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Sample records for antisense peptide nucleic

  1. Peptide nucleic acid (PNA) antisense effects in Escherichia coli

    DEFF Research Database (Denmark)

    Good, L; Nielsen, P E

    1999-01-01

    Antisense peptide nucleic acid (PNA) can be used to control cell growth, gene expression and growth phenotypes in the bacteria Escherichia coli. PNAs targeted to the RNA components of the ribosome can inhibit translation and cell growth, and PNAs targeted to mRNA can limit gene expression with gene...... and sequence specificity. In an E. coli cell extract, efficient inhibition is observed when using PNA concentrations in the nanomolar range, whereas micromolar concentrations are required for inhibition in growing cells. A mutant strain of E. coli that is more permeable to antibiotics also is more susceptible...... to antisense PNAs than the wild type. This chapter details methods for testing the antisense activities of PNA in E. coli. As an example of the specific antisense inhibition possible, we show the effects of an anti-beta-galactosidase PNA in comparison to control PNAs. With improvements in cell uptake...

  2. Cell number and transfection volume dependent peptide nucleic acid antisense activity by cationic delivery methods

    DEFF Research Database (Denmark)

    Llovera Nadal, Laia; Berthold, Peter; Nielsen, Peter E;

    2012-01-01

    Efficient intracellular delivery is essential for high activity of nucleic acids based therapeutics, including antisense agents. Several strategies have been developed and practically all rely on auxiliary transfection reagents such as cationic lipids, cationic polymers and cell penetrating...... peptides as complexing agents and carriers of the nucleic acids. However, uptake mechanisms remain rather poorly understood, and protocols always require optimization of transfection parameters. Considering that cationic transfection complexes bind to and thus may up-concentrate on the cell surface, we...... have now quantitatively compared the cellular activity (in the pLuc705 HeLa cell splice correction system) of PNA antisense oligomers using lipoplex delivery of cholesterol- and bisphosphonate-PNA conjugates, polyplex delivery via a PNA-polyethyleneimine conjugate and CPP delivery via a PNA...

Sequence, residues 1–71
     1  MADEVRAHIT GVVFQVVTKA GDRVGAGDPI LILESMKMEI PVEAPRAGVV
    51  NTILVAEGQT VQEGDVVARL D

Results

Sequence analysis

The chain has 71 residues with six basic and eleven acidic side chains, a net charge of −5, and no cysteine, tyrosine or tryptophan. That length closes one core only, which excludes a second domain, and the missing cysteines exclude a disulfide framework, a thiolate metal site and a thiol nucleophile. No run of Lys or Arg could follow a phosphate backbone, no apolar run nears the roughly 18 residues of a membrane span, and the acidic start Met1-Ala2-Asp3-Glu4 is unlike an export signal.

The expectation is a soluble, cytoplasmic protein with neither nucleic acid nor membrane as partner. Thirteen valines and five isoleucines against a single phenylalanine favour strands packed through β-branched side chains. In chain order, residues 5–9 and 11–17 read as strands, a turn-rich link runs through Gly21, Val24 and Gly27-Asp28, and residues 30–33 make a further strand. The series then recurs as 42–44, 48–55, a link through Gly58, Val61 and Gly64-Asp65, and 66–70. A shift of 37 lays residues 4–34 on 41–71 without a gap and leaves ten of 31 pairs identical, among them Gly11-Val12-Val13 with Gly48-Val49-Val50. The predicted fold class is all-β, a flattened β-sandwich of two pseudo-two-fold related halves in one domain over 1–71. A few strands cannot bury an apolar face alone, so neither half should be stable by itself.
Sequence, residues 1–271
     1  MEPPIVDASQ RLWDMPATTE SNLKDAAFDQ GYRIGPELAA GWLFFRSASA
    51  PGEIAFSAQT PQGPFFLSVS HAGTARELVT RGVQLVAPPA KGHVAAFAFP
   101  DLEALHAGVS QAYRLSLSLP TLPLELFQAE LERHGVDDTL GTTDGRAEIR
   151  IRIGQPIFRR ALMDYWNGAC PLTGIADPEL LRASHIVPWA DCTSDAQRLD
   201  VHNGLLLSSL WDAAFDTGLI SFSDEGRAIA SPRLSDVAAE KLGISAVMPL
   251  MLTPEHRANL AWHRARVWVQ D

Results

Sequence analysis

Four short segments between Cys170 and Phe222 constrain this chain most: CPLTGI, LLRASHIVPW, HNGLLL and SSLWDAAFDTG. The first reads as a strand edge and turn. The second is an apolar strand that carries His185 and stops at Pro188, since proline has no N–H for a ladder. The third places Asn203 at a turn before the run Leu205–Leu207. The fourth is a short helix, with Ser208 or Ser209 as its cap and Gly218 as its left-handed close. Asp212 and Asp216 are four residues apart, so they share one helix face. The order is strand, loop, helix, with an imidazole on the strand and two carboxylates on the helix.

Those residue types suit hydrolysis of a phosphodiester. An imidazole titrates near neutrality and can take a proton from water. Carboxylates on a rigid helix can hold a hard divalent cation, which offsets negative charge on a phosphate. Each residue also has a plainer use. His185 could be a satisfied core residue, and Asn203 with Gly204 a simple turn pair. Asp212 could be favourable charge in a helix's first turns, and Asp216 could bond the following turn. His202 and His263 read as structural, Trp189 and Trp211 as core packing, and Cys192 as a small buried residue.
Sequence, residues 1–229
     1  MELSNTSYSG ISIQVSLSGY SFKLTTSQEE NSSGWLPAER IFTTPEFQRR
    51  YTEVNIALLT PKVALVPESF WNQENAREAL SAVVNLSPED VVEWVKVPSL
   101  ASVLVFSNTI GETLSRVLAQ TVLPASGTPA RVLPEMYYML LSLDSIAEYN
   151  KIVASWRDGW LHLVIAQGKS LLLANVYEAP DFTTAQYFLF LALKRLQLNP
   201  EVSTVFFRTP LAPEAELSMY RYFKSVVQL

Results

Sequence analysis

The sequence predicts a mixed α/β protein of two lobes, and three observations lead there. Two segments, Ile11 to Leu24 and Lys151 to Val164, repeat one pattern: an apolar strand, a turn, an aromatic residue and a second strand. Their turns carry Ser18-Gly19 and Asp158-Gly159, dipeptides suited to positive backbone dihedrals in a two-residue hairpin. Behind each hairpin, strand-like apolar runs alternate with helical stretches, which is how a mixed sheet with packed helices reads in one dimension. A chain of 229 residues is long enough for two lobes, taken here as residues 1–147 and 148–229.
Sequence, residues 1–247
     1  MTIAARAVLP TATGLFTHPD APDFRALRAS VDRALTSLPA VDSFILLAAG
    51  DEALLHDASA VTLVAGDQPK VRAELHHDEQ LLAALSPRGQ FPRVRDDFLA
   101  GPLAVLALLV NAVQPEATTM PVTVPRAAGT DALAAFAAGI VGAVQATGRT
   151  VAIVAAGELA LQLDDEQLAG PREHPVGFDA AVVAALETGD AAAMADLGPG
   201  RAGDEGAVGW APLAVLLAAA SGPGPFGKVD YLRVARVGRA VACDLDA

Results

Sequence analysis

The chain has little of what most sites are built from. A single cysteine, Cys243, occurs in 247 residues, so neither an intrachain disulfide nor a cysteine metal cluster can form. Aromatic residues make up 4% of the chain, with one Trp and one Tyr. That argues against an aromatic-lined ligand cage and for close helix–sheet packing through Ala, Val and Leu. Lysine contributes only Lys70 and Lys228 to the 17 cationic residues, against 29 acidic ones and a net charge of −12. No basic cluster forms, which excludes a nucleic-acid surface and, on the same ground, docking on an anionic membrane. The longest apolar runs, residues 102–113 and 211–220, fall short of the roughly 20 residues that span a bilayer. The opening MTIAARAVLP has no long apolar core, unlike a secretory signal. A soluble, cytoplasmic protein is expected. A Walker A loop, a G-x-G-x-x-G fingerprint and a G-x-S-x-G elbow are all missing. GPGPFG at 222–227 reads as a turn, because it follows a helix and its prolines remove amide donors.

3. Cellular delivery and antisense effects of peptide nucleic acid conjugated to polyethyleneimine via disulfide linkers

    DEFF Research Database (Denmark)

    Berthold, Peter R; Shiraishi, Takehiko; Nielsen, Peter E

    2010-01-01

    Peptide nucleic acid (PNA) is potentially an attractive antisense and antigene agent for which more efficient cellular delivery systems are still warranted. The cationic polymer polyethylenimine (PEI) is commonly used for cellular transfection of DNA and RNA complexes, but is not readily applicable...... for PNA due to the (inherent) charge neutrality of PNA. However, PEI could function as an efficient scaffold for PNA via chemical conjugation. Accordingly, we modified PEI with the amine-reactive heterobifunctional linker agent N-succinimidyl-3-(2-pyridyldithio)propionate (SPDP) (with and without a PEG...... moiety) and further reacted this with a cysteine PNA. The level of modification was determined spectrophotometrically with high accuracy, and the PNA transfection efficiency of the conjugates was evaluated in an antisense luciferase splice-correction assay using HeLa pLuc705 cells. We find that PEI...

  4. Electroporation-based delivery of cell-penetrating peptide conjugates of peptide nucleic acids for antisense inhibition of intracellular bacteria.

    Science.gov (United States)

    Ma, Sai; Schroeder, Betsy; Sun, Chen; Loufakis, Despina Nelie; Cao, Zhenning; Sriranganathan, Nammalwar; Lu, Chang

    2014-10-01

    Cell penetrating peptides (CPPs) have been used for a myriad of cellular delivery applications and were recently explored for delivery of antisense agents such as peptide nucleic acids (PNAs) for bacterial inhibition. Although these molecular systems (i.e. CPP-PNAs) have shown ability to inhibit growth of bacterial cultures in vitro, they show limited effectiveness in killing encapsulated intracellular bacteria in mammalian cells such as macrophages, presumably due to difficulty involved in the endosomal escape of the reagents. In this report, we show that electroporation delivery dramatically increases the bioavailability of CPP-PNAs to kill Salmonella enterica serovar Typhimurium LT2 inside macrophages. Electroporation delivers the molecules without involving endocytosis and greatly increases the antisense effect. The decrease in the average number of Salmonella per macrophage under a 1200 V cm(-1) and 5 ms pulse was a factor of 9 higher than that without electroporation (in an experiment with a multiplicity of infection of 2 : 1). Our results suggest that electroporation is an effective approach for a wide range of applications involving CPP-based delivery. The microfluidic format will allow convenient functional screening and testing of PNA-based reagents for antisense applications.